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LWSO 335 Week 1 Notes

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University of Calgary
Law and Society
LWSO 335
Linda Mc Kay- Panos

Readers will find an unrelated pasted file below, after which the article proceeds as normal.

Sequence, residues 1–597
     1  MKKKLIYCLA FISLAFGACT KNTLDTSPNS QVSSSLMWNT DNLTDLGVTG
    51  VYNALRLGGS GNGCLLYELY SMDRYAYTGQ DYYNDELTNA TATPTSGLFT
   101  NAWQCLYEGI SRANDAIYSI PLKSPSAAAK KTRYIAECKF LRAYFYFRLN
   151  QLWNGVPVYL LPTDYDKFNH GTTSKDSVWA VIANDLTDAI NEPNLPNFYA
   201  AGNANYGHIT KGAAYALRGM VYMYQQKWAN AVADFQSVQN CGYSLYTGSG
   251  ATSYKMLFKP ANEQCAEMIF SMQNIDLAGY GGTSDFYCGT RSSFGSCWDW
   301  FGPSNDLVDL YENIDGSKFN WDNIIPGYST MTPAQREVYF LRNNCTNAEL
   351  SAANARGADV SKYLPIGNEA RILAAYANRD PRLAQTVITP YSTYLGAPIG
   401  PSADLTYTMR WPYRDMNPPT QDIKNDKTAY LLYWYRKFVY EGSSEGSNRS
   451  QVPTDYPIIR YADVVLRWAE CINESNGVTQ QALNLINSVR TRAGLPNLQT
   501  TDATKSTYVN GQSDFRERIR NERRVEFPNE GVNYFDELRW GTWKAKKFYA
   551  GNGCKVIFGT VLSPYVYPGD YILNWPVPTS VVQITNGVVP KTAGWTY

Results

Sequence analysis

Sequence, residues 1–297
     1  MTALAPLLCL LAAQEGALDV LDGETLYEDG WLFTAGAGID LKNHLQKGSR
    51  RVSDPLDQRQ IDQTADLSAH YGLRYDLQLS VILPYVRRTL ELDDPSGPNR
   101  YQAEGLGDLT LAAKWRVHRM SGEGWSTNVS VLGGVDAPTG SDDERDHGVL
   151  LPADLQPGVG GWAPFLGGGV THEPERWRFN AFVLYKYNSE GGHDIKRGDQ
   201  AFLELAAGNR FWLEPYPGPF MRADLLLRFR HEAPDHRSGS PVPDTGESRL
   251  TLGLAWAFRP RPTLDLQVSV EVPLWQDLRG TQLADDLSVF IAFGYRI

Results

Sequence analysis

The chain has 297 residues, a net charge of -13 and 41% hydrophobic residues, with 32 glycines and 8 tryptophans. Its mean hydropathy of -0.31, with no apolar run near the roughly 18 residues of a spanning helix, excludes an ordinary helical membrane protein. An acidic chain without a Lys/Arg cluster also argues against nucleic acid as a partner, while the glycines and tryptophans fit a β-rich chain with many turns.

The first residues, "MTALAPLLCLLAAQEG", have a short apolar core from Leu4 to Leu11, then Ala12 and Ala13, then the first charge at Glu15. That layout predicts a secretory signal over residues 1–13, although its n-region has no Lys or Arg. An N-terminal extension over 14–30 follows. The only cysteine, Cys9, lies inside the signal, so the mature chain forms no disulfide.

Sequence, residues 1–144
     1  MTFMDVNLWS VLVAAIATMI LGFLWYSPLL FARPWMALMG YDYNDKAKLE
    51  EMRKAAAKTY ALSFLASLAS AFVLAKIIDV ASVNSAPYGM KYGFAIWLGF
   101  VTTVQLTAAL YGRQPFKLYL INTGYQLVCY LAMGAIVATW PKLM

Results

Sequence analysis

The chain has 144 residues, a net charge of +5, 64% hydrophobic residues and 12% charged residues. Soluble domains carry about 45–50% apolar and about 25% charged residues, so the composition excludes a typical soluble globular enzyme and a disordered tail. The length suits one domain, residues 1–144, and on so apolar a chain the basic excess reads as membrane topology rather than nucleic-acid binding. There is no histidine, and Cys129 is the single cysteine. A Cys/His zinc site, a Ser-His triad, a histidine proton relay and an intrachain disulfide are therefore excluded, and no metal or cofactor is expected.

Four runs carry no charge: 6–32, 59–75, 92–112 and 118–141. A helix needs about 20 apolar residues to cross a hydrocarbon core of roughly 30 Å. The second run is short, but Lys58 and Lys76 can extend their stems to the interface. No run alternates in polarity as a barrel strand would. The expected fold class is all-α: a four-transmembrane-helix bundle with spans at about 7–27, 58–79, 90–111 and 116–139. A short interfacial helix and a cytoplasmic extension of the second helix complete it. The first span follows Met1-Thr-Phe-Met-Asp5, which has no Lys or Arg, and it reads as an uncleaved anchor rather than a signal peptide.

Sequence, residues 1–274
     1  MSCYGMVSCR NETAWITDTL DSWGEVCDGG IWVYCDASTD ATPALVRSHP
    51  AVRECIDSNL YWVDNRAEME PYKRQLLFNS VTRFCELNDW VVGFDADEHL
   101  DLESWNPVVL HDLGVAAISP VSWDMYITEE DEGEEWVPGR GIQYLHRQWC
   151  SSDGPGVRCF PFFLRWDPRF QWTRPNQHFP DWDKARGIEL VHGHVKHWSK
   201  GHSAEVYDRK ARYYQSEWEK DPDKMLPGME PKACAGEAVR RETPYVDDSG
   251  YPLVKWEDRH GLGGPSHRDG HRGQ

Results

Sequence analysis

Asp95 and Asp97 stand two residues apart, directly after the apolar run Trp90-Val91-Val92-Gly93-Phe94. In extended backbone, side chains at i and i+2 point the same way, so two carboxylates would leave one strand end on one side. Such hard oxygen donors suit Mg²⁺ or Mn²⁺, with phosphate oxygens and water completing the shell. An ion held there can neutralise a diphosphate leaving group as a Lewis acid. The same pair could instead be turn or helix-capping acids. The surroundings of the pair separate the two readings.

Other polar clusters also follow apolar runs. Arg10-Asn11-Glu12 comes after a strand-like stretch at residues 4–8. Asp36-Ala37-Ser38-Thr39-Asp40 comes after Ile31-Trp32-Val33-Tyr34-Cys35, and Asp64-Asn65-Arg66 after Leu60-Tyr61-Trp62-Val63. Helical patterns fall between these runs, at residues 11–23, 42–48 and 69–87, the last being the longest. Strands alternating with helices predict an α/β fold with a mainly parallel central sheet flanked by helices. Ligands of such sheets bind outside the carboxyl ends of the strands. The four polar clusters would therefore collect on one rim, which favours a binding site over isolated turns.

Handout #1 Primary Sources of law-We use case law because we are a common law jurisdiction – Quebec uses civil law – civil law is more common. Common law is mostly inherited from Britain, -U.S, India, New Zealand, Australia have common law. Secondary sources of law – books, etc. a judge trying to figure out what to do in a situation has to apply primary law – if there is no primary law to deal with the situation they will look to secondary sources – if it hasn’t happened in Canada they will look to other common law countries Regulations – rules – less important procedural matters – regulate our day to day lives Case Law and Common Law countries – stare decisis - means “stand by your decision”- once a court has come up with a decision then subsequent courts will have to follow it as well – precedence Court of Queen’s Bench – In BC is called the Supreme Court – is not the same as the Supreme Court of Canada – if starts in provincial court and then is appealed in court of Queen’s Bench – the Queen’s Bench court takes precendence Federal Court and Federal Court of Appeal – Tax matters would go to federal court, then federal court of appeal, then supreme court of Canada, used to be privy council in England that would be the last court but after the second world war supreme court of Canada became the last stop Change the law through amendments Parliament and legislatures have this authority and can also modify common law principles – can pass a law that either passes it or adopts it as something in the statute – so people can get a statute remedy of some kind Court of Equity – they had two court systems – common law and equity courts – we decided not to have two separate court systems In common law in most cases the remedy that you get from a court when you have a problem is damages Equitable remedy – injunction – to get abortion physcos to stay back The province appoints provincial court judges International Law and Domestic Law Domestic Law – passed in Canada somehow – subdivided into two aspects – procedural law is how things are done Substantive law – the legal principles that have developed through the statutes or the cases over law Substantive law can be further subdivided into public or private – public – state has interest in case – private law two private parties Tort Law Sexually assaulted at work, there are 3 places you can go: -Human resources -Criminal charges -Cannot sue for harassment – can sue for inflicting harm, can sue for wrongful dismissal Handout #2 Her colleagues role in the case (link in outline) is as an intervener You can intervene in any case – most frequently in court of appeal and supreme court of Canada cases The group she was working with still exists it is called LEAF –Legal Education Action Fund Human Rights Act – protects against discrimination in public activities – employment, renting an apartment, on a basis of a number of grounds like age, race, gender, etc. there was no protection for sexual orientation in Alberta He was a science teacher in a private religious college and the principal asked if he was gay and fired him on the spot. He complained to the Alberta human rights commission – discrimination based on sexual orientation. He went to the Court of Queen’s Bench saying the act violated his rights in that it was underinclusive. In the court of queens bench he was successful – she ordered that the word sexual orientation be placed in the human rights act – government Alberta appealed this, court of appeal agreed with the government and overruled the court of queens bench. After the court of appeal the supreme court of Canada came next as the highest court – LEAF stepped in to support “Shaking the apple tree” –brought in evidence to share the impact on homosexual society The supreme court agreed with the court of queens bench and ordered that sexual orientation be added Wasn’t added until 2010, the legislature writes the law and the courts interprets it The Charter of Rights and Freedoms – passed in 1982 Most sections were enforced in 1982 except section 15 in 1985 We had rights and common law principles before this and also had the Canadian bill of rights – this was not entrenched meaning anyon
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